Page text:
Discussion:
DMD 1.019 and 2.003 releases
(too old to reply)
Walter Bright
2007-07-22 23:26:28 UTC
Permalink
http://www.digitalmars.com/d/1.0/changelog.html
http://ftp.digitalmars.com/dmd.1.019.zip

http://www.digitalmars.com/d/changelog.html
http://ftp.digitalmars.com/dmd.2.003.zip
Robert Fraser
2007-07-22 23:52:03 UTC
Permalink
Beautiful! Just when I think D can't get better, it does! Thanks for all the hard work.

May I ask why you put the road there before traits? I know there's a std.traits, but perhaps a different keyword entirely or just a single underscore might be more appropriate...? It looks a bit like a compiler-specific extension to me...
Post by Walter Bright
http://www.digitalmars.com/d/1.0/changelog.html
http://ftp.digitalmars.com/dmd.1.019.zip
http://www.digitalmars.com/d/changelog.html
http://ftp.digitalmars.com/dmd.2.003.zip
Walter Bright
2007-07-23 03:39:35 UTC
Permalink
Post by Robert Fraser
May I ask why you put the road there before traits? I know there's a std.traits, but perhaps a different keyword entirely or just a single underscore might be more appropriate...? It looks a bit like a compiler-specific extension to me...
I was thinking they should be buried inside of templates.
Sean Kelly
2007-07-23 04:48:50 UTC
Permalink
Post by Walter Bright
Post by Robert Fraser
May I ask why you put the road there before traits? I know there's a
std.traits, but perhaps a different keyword entirely or just a single
underscore might be more appropriate...? It looks a bit like a
compiler-specific extension to me...
I was thinking they should be buried inside of templates.
But does that affect what the name should be?
Walter Bright
2007-07-23 07:18:31 UTC
Permalink
Post by Sean Kelly
Post by Walter Bright
Post by Robert Fraser
May I ask why you put the road there before traits? I know there's a
std.traits, but perhaps a different keyword entirely or just a single
underscore might be more appropriate...? It looks a bit like a
compiler-specific extension to me...
I was thinking they should be buried inside of templates.
But does that affect what the name should be?
Don't need a prominent keyword for it.
Sean Kelly
2007-07-23 07:30:43 UTC
Permalink
Post by Walter Bright
Post by Sean Kelly
Post by Walter Bright
Post by Robert Fraser
May I ask why you put the road there before traits? I know there's a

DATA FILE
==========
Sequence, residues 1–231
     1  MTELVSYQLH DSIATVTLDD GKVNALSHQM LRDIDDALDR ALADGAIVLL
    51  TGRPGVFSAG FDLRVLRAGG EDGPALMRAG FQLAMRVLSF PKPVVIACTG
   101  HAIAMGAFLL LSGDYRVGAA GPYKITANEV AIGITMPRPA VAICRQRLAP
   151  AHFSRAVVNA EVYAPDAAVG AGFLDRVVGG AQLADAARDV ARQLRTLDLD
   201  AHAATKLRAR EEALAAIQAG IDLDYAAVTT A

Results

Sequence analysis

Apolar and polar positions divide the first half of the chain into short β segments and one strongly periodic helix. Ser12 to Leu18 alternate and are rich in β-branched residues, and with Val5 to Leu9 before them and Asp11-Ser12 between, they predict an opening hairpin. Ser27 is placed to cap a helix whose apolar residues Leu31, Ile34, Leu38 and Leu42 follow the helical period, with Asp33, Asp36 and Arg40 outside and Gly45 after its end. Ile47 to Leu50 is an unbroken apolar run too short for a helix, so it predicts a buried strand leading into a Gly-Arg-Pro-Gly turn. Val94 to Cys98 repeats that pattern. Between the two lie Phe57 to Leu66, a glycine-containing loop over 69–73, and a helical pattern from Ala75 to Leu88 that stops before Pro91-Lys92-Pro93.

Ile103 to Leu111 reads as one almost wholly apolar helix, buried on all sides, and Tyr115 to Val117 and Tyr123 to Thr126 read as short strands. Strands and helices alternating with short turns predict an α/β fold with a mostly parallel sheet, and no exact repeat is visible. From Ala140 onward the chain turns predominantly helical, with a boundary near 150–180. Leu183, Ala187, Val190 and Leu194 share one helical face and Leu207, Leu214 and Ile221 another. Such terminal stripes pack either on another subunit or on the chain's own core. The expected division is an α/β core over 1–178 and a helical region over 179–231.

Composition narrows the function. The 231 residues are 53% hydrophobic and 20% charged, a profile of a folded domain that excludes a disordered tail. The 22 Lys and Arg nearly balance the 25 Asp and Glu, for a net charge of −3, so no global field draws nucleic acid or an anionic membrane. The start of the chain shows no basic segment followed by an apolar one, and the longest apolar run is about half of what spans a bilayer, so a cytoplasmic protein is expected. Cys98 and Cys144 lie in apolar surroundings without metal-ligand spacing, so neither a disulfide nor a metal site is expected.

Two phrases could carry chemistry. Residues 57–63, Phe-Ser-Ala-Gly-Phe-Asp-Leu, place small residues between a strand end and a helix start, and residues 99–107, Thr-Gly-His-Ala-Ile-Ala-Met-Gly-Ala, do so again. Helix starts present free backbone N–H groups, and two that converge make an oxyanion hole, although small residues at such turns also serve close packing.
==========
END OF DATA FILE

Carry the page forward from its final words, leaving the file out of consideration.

std.traits, but perhaps a different keyword entirely or just a
single underscore might be more appropriate...? It looks a bit like
a compiler-specific extension to me...
I was thinking they should be buried inside of templates.
But does that affect what the name should be?
Don't need a prominent keyword for it.
True enough. I suppose I'm just used to the double-underscore prefix
being reserved for compiler extensions.


Sean
Robert Fraser
2007-07-23 23:34:44 UTC
Permalink
Post by Walter Bright
Post by Sean Kelly
Post by Walter Bright
Post by Robert Fraser
May I ask why you put the road there before traits? I know there's a
std.traits, but perhaps a different keyword entirely or just a single
underscore might be more appropriate...? It looks a bit like a
compiler-specific extension to me...
I was thinking they should be buried inside of templates.
But does that affect what the name should be?
Don't need a prominent keyword for it.
Hmmmm.... it just seems to disturb the zen of D (having one keyword with two underscores), and I think it'll be used just as much as some other keywords, whether it's buried in templates or not.
Serg Kovrov
2007-07-24 17:15:03 UTC
Permalink
Post by Robert Fraser
Hmmmm.... it just seems to disturb the zen of D (having one keyword with two underscores), and I think it'll be used just as much as some other keywords, whether it's buried in templates or not.
I agree. keywords with underscores (no matter where and how many) are
just wrong.

--serg.
Kirk McDonald
2007-07-23 00:05:59 UTC
Permalink
Post by Walter Bright
http://www.digitalmars.com/d/1.0/changelog.html
http://ftp.digitalmars.com/dmd.1.019.zip
http://www.digitalmars.com/d/changelog.html
http://ftp.digitalmars.com/dmd.2.003.zip
In the spec for the new ForeachRangeStatement, it says:

"If Foreach is foreach, then the variable is set to LwrExpression, then
incremented at the end of each iteration."

What does "incremented" mean, exactly? If have a class or struct that
defines opAddAssign, would it call foo.opAddAssign(1) (as ++foo does)?
Similarly, would the foreach_reverse form call foo.opSubAssign(1)?
--
Kirk McDonald
http://kirkmcdonald.blogspot.com
Pyd: Connecting D and Python
http://pyd.dsource.org
Walter Bright
2007-07-23 03:40:28 UTC
Permalink
Post by Kirk McDonald
"If Foreach is foreach, then the variable is set to LwrExpression, then
incremented at the end of each iteration."
What does "incremented" mean, exactly? If have a class or struct that
defines opAddAssign, would it call foo.opAddAssign(1) (as ++foo does)?
Similarly, would the foreach_reverse form call foo.opSubAssign(1)?
Right now, it doesn't work with structs/classes, but when it does, it'll
be as you wrote.
BCS
2007-07-23 17:00:47 UTC
Permalink
Reply to Walter,
Post by Walter Bright
Post by Kirk McDonald
"If Foreach is foreach, then the variable is set to LwrExpression,